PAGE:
Hemochorial placentation is utilized in many mammalian species including rodents and primates. It ensures the most intimate contacts between maternal and embryonic compartments. This type of placentation presents apparent advantages but also considerable challenges to the well being of mother and fetus. Specialized adaptations occur within the female reproductive tract to accommodate the needs of the developing embryo and fetus. Among these changes are the differentiation of uterine stromal cells into decidua and the extensive development of the associated maternal uterine vasculature. The uterine vascular modifications are fundamental to the delivery of nutrients to the developing fetus. Mechanisms underlying the control of uteroplacental vascular remodeling are not well understood. The key regulators of the pregnancy-dependent changes in the vasculature are natural killer (NK) cells during early pregnancy and trophoblast cells during the latter stages of pregnancy. We have identified a reproducible in vivo method impacting the development of the uteroplacental vasculature. Exposure of pregnant rodents to hypobaric-hypoxia results in a profound remodeling of uteroplacental blood vessels. This effect on the maternal uterine vasculature is dramatic and largely protects the fetus from intrauterine growth restriction. We hypothesize that the hypobaric-hypoxia challenge results in an exaggeration of normal pregnancy-dependent uteroplacental vascular adjustments. Furthermore we propose that failures in these maternal-fetal adaptations result in pathologies in the mother and/or fetus. In this proposal, we outline experiments designed to evaluate cellular and molecular mechanisms underlying the maternal compensatory response to maternal hypobaric-hypoxia, including the regulatory roles of NK cells and the trophoblast-specific cytokine, prolactin-like protein-A (PLP-A). We have presented novel ideas and a novel research approach to elucidate regulatory mechanisms controlling fundamental processes essential for the establishment and maintenance of pregnancy. ? ?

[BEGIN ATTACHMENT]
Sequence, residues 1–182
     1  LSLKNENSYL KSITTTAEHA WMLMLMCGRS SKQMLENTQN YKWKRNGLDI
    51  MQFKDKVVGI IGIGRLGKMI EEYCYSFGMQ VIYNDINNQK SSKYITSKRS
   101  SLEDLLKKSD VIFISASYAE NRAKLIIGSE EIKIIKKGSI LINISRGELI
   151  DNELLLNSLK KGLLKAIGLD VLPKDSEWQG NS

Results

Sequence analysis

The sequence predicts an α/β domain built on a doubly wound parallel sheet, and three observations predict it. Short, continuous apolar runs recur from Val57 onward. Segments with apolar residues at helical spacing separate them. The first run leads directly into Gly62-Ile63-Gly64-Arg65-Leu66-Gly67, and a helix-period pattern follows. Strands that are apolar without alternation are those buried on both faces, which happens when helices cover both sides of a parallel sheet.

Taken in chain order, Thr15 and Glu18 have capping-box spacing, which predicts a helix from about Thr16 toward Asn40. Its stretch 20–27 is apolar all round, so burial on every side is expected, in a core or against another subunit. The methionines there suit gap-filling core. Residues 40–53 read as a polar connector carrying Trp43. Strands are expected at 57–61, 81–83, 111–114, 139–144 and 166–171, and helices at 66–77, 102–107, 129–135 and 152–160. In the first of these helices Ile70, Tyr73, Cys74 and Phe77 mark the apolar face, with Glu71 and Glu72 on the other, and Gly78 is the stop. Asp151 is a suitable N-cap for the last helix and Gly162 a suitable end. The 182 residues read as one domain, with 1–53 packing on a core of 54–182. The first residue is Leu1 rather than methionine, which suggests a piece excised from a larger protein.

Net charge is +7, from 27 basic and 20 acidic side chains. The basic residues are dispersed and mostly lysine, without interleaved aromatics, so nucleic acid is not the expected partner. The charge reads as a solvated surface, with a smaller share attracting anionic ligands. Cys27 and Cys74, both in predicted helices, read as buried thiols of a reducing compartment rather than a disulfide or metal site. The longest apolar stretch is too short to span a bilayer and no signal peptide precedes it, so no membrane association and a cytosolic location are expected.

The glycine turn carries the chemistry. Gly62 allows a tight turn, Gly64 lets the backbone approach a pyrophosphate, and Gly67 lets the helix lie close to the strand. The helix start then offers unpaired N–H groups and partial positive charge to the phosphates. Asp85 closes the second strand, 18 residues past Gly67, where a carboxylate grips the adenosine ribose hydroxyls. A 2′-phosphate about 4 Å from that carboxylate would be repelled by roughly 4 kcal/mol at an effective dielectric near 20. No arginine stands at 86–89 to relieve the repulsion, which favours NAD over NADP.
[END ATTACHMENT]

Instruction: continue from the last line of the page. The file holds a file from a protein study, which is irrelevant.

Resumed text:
National Institute of Health (NIH)
Eunice Kennedy Shriver National Institute of Child Health & Human Development (NICHD)
Research Project (R01)
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Pregnancy and Neonatology Study Section (PN)
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Ilekis, John V
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University of Kansas
Schools of Medicine
Kansas City
United States
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Chakraborty, Damayanti; Rumi, M A Karim; Soares, Michael J (2012) NK cells, hypoxia and trophoblast cell differentiation. Cell Cycle 11:2427-30
Renaud, S J; Karim Rumi, M A; Soares, M J (2011) Review: Genetic manipulation of the rodent placenta. Placenta 32 Suppl 2:S130-5
Dai, Guoli; Bustamante, Juan J; Zou, Yuhong et al. (2011) Maternal hepatic growth response to pregnancy in the mouse. Exp Biol Med (Maywood) 236:1322-32
Asanoma, Kazuo; Rumi, M A Karim; Kent, Lindsey N et al. (2011) FGF4-dependent stem cells derived from rat blastocysts differentiate along the trophoblast lineage. Dev Biol 351:110-9
Chakraborty, Damayanti; Rumi, M A Karim; Konno, Toshihiro et al. (2011) Natural killer cells direct hemochorial placentation by regulating hypoxia-inducible factor dependent trophoblast lineage decisions. Proc Natl Acad Sci U S A 108:16295-300
Konno, Toshihiro; Graham, Amanda R; Rempel, Lea A et al. (2010) Subfertility linked to combined luteal insufficiency and uterine progesterone resistance. Endocrinology 151:4537-50
Alam, S M Khorshed; Konno, Toshihiro; Rumi, M A Karim et al. (2010) Prolactin family of the guinea pig, Cavia porcellus. Endocrinology 151:3918-28
Bustamante, Juan J; Copple, Bryan L; Soares, Michael J et al. (2010) Gene profiling of maternal hepatic adaptations to pregnancy. Liver Int 30:406-15
Kent, Lindsey N; Konno, Toshihiro; Soares, Michael J (2010) Phosphatidylinositol 3 kinase modulation of trophoblast cell differentiation. BMC Dev Biol 10:97
Rosario, G X; Ain, R; Konno, T et al. (2009) Intrauterine fate of invasive trophoblast cells. Placenta 30:457-63

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